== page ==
Cracking Our Culture’s Genome

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Is it possible to understand how an entire society thinks, to objectively examine the sum of a culture’s obsessions and anxieties, its fetishes and fascinations? And if so, could we extrapolate some deeper historical truth from the exercise, or just a mass of superficial conclusions? Cultural anthropologists write ethnographies, urban planners crunch demographic statistics, and media watchdogs sniff out trends and biases in mainstream media with the hope of gleaning some understanding the zeitgeist, be it past or present. But the various fields of study, due to their inherent specificity, can’t help missing the bigger picture. Even the shrewd, data-driven analysis of the urban planner is imperfect; it misses the nebulous, unquantifiable nuances of human experience. How do you statistically account for a heightened fear of foreigners, or infatuation with celebrities, or changes in artistic aesthetics? Assuming that we even want to know the contours of our national culture from an outside perspective, we’ll need to form an uncommon alliance: between scholars in the humanities and the arbiters-of-all-knowledge Google.

One of Google’s latest gifts to the Ivory Tower is Ngrams, an easy-to-use interface that pulls word-frequency data from the company’s massive database of books and plots them against a timeline. By agglomerating the text of as many books as possible from every conceivable field of writing, the theory behind Ngrams goes, one can begin to form a more comprehensive idea of what our culture is (and has been) all about.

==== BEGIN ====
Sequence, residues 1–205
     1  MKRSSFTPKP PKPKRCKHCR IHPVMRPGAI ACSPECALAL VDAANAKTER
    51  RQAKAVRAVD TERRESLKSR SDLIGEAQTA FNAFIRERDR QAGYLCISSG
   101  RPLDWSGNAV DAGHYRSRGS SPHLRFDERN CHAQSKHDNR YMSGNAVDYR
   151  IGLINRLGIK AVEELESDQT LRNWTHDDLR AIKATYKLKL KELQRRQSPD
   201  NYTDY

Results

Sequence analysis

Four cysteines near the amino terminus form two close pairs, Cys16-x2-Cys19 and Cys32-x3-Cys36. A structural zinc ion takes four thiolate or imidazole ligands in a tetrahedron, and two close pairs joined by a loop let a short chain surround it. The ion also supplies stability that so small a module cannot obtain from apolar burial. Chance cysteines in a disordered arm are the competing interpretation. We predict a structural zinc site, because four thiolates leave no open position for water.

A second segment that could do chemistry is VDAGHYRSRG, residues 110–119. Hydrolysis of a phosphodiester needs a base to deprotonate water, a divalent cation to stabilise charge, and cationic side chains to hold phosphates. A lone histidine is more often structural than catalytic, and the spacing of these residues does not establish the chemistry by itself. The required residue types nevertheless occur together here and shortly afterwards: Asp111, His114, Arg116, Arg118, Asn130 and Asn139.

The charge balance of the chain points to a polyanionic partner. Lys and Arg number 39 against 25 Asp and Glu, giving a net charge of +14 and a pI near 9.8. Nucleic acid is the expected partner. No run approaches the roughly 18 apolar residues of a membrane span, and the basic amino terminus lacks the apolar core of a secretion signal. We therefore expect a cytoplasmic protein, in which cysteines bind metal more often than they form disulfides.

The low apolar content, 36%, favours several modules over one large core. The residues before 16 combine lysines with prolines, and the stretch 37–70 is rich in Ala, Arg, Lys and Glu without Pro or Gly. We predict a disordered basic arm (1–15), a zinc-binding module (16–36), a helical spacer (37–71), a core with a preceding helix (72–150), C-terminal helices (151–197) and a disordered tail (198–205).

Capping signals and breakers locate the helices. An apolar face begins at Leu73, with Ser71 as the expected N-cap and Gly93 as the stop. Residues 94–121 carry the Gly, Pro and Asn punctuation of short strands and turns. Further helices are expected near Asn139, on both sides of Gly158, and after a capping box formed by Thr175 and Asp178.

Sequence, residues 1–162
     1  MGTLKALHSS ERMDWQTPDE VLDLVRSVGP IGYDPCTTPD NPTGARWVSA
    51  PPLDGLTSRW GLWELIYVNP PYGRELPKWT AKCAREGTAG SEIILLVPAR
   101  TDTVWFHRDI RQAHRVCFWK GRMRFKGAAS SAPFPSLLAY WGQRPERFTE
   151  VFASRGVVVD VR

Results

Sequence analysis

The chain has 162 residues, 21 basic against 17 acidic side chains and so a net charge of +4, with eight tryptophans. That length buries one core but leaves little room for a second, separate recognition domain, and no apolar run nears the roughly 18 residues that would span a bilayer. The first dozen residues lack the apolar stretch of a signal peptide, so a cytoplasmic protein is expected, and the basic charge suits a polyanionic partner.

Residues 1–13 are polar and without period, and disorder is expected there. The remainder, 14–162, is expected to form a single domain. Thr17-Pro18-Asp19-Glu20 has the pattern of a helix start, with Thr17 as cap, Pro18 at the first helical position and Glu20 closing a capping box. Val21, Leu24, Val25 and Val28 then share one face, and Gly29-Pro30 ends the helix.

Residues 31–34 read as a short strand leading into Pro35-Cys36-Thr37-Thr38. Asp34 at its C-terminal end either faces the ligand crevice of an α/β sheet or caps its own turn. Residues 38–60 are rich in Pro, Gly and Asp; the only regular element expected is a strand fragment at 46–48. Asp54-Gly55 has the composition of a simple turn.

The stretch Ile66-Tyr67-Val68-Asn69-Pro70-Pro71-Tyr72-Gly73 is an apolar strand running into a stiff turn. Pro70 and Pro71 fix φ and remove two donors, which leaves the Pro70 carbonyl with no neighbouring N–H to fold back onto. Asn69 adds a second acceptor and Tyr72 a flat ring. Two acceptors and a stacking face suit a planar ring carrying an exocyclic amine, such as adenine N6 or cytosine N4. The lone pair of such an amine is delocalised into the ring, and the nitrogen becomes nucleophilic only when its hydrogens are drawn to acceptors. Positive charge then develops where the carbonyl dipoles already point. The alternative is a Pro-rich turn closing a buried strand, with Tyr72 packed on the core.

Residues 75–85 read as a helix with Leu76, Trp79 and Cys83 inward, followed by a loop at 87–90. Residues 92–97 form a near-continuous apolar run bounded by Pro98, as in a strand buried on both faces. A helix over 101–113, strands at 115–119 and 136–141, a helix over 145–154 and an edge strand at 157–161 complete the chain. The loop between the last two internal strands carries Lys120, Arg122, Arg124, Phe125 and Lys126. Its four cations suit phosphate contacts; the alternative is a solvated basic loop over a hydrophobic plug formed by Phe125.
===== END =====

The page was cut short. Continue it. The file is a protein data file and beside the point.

This type of broad, numbers-based study of texts (called corporal studies in academia) isn’t entirely new, but computer-accelerated applications like Ngrams lend the practice an unprecedented computational power. A recent article in The Chronicle Review guardedly appraises this new scholarly field of “culturomics.” (Culturomics is meant to rhyme with genomics and carries the same assumptions: that culture can be quantified and then decoded, just like the human genome.) The article’s author, linguist Geoffrey Nunberg, frets that anyone with an internet connection can become an armchair-statistician-cum-cultural-critic. “I think that [Yale comparative literature scholar Katie] Trumpener is quite right to predict that second-rate scholars will use the Google Books corpus to churn out gigabytes of uninformative graphs and insignificant conclusions,” writes Nunberg. “But it isn’t as if those scholars would be doing more valuable work if they were approaching literature from some other point of view.”

People poking around on Ngrams will ultimately be beneficial to scholarship. “Whatever misgivings scholars may have about the larger enterprise, the data will be a lot of fun to play around with,” writes Nunberg. “And for some–especially students, I imagine–it will be a kind of gateway drug that leads to more-serious involvement in quantitative research.”

So here’s a bit of armchair scholarship. I plotted the use of two phrases (above) that mean a lot to us at Utne Reader–“alternative press” and “mainstream media”–from year 1900 to 2000. Both phrases don’t come into use until about 1970. Although “alternative press” enjoys more of a presence in written discourse for the following 15 years, “mainstream media” begins to skyrocket into our consciousness in 1985. What inferences can we draw? Perhaps the accelerated use of “mainstream media” is a symptom of an expanding cable news network or growing academic interest in the subject. Might the stagnation of “alternative press” be indicative of suppression of fringe opinions? And should this inflate our underdog ego? Admittedly, it’s hard to conclude anything from these graphs. After all, I was just playing around on Google.

Source: The Chronicle Review

Image by Carlos Luna, licensed under Creative Commons.

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